Directors:  Ron Underwood (Ep. 1);Michael E. Satrazemis (Eps. 2 – 5);Haifaa al-Mansour (Ep. 4); Deborah Kampmeier (Ep.6)

Writers:  Maya Goldsmith & Ben Sokolowski (Ep.1);Kari Drake (Ep.2); Channing Powell (Eps.3, 5); Ahmadu Garba (Ep. 4); Lindsey Villarreal (Ep.6)

Stars:  Anthony Edwards, Parker Posey, Terry Crews, Danny Ramirez, Olivia Munn, Poppy Liu, Lauren Glazier, Kevin L. Johnson  and Embeth Davidtz

Tagline:  None.

The Overview:  Beware of spoilers…

Tales of the Walking Dead is an anthology series that takes place in the world of The Walking Dead.  Each episode is a self-contained story with no continuing characters.  This series sometimes ventures into different horror subgenres (time-loop, a haunted house/witch, etc.) which is refreshing.  I enjoyed all the episodes, but even if you find one lacking, the next is something different.

My favorites were:

1. “Evie / Joe” starring Olivia Munn and Terry Crews

4 “Amy / Dr. Everett” starring Poppy Liu and Anthony Edwards

5 “Davon” starring Jessie T. Usher

I hope we get a season 2.

Tales of the Walking Dead, Season 1 earns 4 of 5 stars.

“King for a Day” (1934) Starring Bill Robinson / Z-View

King for a Day (1934)

Director:  Roy Mack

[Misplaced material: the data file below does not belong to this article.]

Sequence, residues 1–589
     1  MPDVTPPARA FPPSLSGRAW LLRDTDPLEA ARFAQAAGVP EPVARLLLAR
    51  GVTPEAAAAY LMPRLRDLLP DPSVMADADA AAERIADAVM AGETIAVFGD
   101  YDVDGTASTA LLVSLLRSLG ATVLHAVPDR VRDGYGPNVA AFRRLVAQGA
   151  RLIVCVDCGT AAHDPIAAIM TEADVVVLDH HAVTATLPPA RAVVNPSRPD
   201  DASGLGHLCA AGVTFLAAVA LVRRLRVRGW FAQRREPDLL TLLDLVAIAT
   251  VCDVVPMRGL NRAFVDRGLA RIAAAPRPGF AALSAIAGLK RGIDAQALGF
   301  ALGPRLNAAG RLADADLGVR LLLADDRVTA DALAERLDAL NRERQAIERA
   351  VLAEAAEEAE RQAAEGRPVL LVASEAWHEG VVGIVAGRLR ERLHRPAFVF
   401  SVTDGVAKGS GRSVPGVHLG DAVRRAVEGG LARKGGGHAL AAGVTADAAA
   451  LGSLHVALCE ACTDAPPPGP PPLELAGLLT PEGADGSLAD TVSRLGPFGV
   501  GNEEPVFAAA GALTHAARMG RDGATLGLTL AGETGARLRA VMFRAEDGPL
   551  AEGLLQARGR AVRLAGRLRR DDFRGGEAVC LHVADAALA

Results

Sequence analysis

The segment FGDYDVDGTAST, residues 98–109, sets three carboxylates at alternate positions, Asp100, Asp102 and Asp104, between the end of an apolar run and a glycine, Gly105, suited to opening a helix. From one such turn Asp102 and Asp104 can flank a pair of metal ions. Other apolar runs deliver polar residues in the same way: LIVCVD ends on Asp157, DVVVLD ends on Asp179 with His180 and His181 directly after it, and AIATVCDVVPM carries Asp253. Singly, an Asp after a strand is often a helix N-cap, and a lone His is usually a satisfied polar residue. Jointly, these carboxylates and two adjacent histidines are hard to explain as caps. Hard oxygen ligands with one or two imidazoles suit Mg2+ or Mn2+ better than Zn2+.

Writer:  A. Dorian Otvos, Eddie Moran

Stars:  Bill Robinson, Ernest Whitman and Limehouse Brown

Tagline:  None.

The Overview:  Beware of spoilers…

Bill Green (Robinson) is a talented tap dancer, but Mr. Brown (Whitman) won’t give him an audition.  Green comes up with a plan when he learns that Brown loves to play craps.  It’s a gamble that could make him King for a Day.

King for a Day is a short that has comedy, dancing, and Bill “Bojangles” Robinson.

King for a Day earns 4 of 5 stars.

“A Gasoline Wedding” (1918) Starring Harold Lloyd / Z-View

A Gasoline Wedding (1918)

Director:  Alfred J. Goulding

Writer:  H.M. Walker

Stars:  Harold Lloyd, ‘Snub’ Pollard and Bebe Daniels

Tagline:  None

The Overview:  Beware of spoilers…

Harold and a rich man’s daughter are in love and wish to be married, but her father wants her to marry Angus McCheapskate.  A plan is in place and it’s a race to the preacher where there will be two weddings!

A Gasoline Wedding is a Harold Lloyd short.

A Gasoline Wedding earns 2 of 5 stars.

“Spite Marriage” (1929) Starring Buster Keaton / Z-View

Spite Marriage (1929)

Director:  Edward Sedgwick, Buster Keaton (uncredited)